Deconstructing the “drool” payoff for a superfecta yesterday at Woodbine is fun (and certainly instructive) but looking forward to this Saturday is even more fun because, of course, Saturday is Kentucky Derby Day, a day in which betting pools at all tracks will be fattened considerably by dumb, uh, uninformed money.
A whole book was written on the subject (Cashing Big on Racing’s Biggest Days) and speed guru Andy Beyer gets us licking our chops by telling us he scored his biggest exactor payoff ever on Kentucky Derby Day when his $1,000 bet on an exactor that paid $200 netted him $100,000. Will that be big bills, sir? Do you think he was silently thanking the great unwashed for betting the “wrong” combination so he could feed from a much bigger treasure trough?
So how big do pools get? In last year’s Kentucky Derby, $70 million was bet in the win/place/show pool, $22 million in the exactor pool, $31 million in the triactor pool and more than $9 million in the superfecta pool. But other tracks such as Woodbine, Century Mile and Hastings in Canada will also see their pools expand. Will you emerge from Derby Day with a life-changing score?
How to capitalize on the Derby? First comes a decision on whether you think a speedball will wire the field (a la Justify in 2018) or whether speed will collapse and a malingerer at the back of the pack will mow them all down in the 1 ¼-mile test (a la 50-1 Mine That Bird in 2006). Floating on the internet is a recommendation you calculate the closing fractions of horses who have raced 1 1/8-miles and bet the best closers.
To me, the “now” horse is the colt from Japan because Japanese horses have been cleaning up everywhere this year: look at all the races they won on Saudi Cup Day and Dubai World Cup Day. Their intensive training methods are now receiving widespread attention, as they should. Their horse is Crown Pride. Whatever your choice, good luck, and best wishes on taking advantage of all that money floating out there at your favourite track(s).
Now let’s look at the drool payoff of the weekend, the $6,496 superfecta for a mere 20 cents in race 4 Sunday at Woodbine. On the face of it, it appeared to have the making of a tricky race because it was the dreaded, often-chaotic “non-winners of two races” condition. But the winner turned out to be as straightforward as they come: the leading jockey, Kazushi Kimura, partnered with the horse of the leading trainer, Mark Casse, to win with #9 Upstart Gentleman at odds of 7-2. And, I can hear you asking, the superfecta paid that much? Yes.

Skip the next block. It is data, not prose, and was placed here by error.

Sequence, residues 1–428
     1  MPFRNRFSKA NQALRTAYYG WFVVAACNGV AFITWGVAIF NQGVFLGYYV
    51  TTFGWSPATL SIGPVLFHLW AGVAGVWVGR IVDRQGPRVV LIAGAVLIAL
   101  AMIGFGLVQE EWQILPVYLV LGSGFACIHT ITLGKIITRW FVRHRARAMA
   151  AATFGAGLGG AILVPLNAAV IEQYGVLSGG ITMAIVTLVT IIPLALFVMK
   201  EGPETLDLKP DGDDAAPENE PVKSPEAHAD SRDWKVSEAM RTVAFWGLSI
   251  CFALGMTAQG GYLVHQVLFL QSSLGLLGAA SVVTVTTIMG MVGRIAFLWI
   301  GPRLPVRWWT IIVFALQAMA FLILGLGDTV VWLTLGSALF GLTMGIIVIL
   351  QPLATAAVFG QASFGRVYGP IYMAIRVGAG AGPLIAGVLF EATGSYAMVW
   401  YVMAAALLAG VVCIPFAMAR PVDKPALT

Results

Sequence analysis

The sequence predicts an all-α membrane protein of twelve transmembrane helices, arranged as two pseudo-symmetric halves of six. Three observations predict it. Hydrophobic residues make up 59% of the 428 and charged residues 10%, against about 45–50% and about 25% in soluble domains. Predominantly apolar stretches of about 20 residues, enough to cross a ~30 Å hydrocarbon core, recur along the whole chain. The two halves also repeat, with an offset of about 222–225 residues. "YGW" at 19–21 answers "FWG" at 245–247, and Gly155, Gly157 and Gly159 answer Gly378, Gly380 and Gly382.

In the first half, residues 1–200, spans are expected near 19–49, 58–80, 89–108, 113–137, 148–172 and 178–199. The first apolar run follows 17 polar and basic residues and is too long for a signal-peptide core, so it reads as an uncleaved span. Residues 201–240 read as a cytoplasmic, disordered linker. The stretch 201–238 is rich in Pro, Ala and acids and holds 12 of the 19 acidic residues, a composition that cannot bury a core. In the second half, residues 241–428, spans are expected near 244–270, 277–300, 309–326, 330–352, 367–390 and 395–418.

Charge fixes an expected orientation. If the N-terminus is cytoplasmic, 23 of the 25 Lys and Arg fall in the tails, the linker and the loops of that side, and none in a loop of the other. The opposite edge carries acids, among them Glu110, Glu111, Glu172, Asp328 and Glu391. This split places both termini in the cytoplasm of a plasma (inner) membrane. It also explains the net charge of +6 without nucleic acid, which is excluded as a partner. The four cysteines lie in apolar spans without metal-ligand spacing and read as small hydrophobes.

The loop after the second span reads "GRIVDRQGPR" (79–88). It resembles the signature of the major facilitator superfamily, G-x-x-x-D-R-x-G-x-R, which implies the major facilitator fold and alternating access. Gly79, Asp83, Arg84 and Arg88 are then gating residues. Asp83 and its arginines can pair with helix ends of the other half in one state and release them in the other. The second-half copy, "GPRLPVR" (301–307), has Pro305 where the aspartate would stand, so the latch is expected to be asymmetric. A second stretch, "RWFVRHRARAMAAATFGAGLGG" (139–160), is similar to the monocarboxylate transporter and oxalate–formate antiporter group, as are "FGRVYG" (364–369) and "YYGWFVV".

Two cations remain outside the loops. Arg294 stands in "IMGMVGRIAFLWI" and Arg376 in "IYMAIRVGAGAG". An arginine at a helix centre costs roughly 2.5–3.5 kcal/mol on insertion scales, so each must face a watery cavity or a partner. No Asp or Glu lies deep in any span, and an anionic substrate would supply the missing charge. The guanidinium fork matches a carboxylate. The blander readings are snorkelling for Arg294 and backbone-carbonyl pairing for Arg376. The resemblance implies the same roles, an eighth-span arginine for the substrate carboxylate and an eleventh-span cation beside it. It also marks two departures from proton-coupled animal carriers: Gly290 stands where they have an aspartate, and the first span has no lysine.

A favourite angle I have of distilling a seemingly hodgepodge group of horses is to calculate the number of in-the-money finishes for each horse. The top in-the-money horses in the 12-horse field were #4 (three races for five in the money), #6 (one for two), #8 (one for one), #10 (eight for 15), #11 (seven for 12) and #12 (two for four). The race result was 9-4-6-11. In other words, wheeling the top jock/trainer horse #9 on top of six horses at a cost of $24 for 20-cent wheels would have netted you …….. Do I have to say it? If your jaw is hanging open, I don’t blame you. In-the-money finishes is my main mode of attack in stakes races. See the program page for race 4 here.
And what about the $137.90 winner of race 9 yesterday, Seventyseven Stone, you ask? “I nearly barfed when he won,” said the editor of this fine publication, who loves the longshots. “Nothing jumped out at me in his past races, works, breeding. He was the oldest horse in the field by far ‒ so what did I miss?” What you have experienced, dear editor, is what can happen in the most chaotic race condition, non-winners of two races lifetime. (As noted in the superfecta race above.) There is simply no rhyme nor reason to some of those wins; in group play I simply advocate taking “all” horses in that leg of pick-4, pick-5 and pick-6 tickets. The most consistent horses in that kind of race are usually the horses that come trudging late to finish third or fourth ‒ which can be added to the bottom of exotic wheel plays with “all” horses at the top.